Aufruf der Kulturschaffenden

The Aufruf der Kulturschaffenden (translated from German into English as "call to the artists", or more literally "call to the cultural workers" or "call to the cultural sector") was a declaration by German artists of their loyalty to Adolf Hitler. The Aufruf was printed in the Völkischer Beobachter, the Nazi party newspaper, on 18 August 1934, the day before a plebiscite to confirm the merger of the offices of President (the head of state), and Chancellor (the head of government), in the person of Adolf Hitler.

Hitler was appointed as Chancellor of Germany following a general election in January 1933. After the Reichstag fire on 27 February 1933, and elections that returned Hitler to power on 5 March, Hitler moved rapidly to consolidate his power with the passing of the Enabling Act on 23 March 1933, which allowed Hitler bypass the German legislature and pass laws at will. After the death of President Paul von Hindenburg on 2 August, a referendum was passed on 19 August, with 88.1% voting to confirm the merger of the post of President with that of Chancellor, and Hitler became Führer und Reichskanzler.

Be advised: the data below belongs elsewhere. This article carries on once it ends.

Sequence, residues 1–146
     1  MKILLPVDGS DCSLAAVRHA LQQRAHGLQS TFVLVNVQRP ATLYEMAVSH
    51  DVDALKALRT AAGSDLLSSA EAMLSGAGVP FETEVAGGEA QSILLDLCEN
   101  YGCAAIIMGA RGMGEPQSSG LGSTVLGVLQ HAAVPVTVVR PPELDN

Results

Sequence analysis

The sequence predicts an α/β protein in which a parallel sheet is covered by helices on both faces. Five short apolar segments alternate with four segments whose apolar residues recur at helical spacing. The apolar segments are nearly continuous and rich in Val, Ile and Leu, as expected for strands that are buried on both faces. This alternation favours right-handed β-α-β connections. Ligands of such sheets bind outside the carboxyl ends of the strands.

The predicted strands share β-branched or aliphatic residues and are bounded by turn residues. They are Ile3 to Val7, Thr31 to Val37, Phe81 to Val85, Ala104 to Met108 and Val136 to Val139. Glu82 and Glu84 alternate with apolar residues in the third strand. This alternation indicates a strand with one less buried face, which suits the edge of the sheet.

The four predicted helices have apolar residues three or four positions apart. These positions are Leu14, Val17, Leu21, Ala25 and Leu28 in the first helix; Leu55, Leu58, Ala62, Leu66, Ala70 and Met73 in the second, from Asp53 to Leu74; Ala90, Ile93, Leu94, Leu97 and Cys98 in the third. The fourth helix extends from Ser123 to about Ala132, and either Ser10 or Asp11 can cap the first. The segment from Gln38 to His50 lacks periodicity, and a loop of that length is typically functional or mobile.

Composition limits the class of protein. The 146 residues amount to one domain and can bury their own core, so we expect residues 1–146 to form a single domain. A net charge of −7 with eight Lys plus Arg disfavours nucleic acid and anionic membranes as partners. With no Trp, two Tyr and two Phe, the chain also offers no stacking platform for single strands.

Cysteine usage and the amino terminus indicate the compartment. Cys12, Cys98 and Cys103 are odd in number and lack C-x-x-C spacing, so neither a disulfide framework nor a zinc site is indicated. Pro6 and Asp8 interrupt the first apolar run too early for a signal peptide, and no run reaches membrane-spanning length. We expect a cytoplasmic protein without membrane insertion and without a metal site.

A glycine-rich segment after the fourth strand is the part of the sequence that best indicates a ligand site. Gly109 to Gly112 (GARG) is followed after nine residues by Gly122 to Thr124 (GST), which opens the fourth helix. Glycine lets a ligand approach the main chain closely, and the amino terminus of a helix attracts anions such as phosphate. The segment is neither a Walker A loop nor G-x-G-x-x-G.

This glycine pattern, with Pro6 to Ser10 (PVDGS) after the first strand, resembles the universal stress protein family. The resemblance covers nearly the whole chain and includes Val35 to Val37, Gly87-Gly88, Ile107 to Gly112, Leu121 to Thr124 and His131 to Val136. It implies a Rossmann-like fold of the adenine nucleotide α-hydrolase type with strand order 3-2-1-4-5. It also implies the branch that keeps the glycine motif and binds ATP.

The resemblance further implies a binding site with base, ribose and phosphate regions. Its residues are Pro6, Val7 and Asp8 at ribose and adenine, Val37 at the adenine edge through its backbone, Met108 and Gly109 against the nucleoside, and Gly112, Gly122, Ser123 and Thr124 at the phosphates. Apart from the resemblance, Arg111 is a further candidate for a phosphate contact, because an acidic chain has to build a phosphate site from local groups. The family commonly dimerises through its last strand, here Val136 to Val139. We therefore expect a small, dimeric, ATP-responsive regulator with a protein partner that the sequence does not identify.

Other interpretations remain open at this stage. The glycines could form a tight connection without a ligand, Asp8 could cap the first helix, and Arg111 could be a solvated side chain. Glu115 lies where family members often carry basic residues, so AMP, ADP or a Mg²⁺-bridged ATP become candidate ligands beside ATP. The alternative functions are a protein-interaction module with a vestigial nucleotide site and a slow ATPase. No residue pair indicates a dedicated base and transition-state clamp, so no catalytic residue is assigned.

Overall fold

The declaration states confidence in the leadership of Adolf Hitler, faith in and loyalty to him, and hope for the future. The statement followed similar public statements by others such as writers and poets (the Gelöbnis treuester Gefolgschaft in October 1933) and university professors (the Bekenntnis der deutschen Professoren zu Adolf Hitler, in November 1933).

Among the artists to sign the Aufruf were:

Some works of several of the artists to sign the Aufruf were later condemned as degenerate art.

References edit

  • "Langer Abschied (Long goodbye)", Der Spiegel, 13 September, no. 23, 1989 (in German)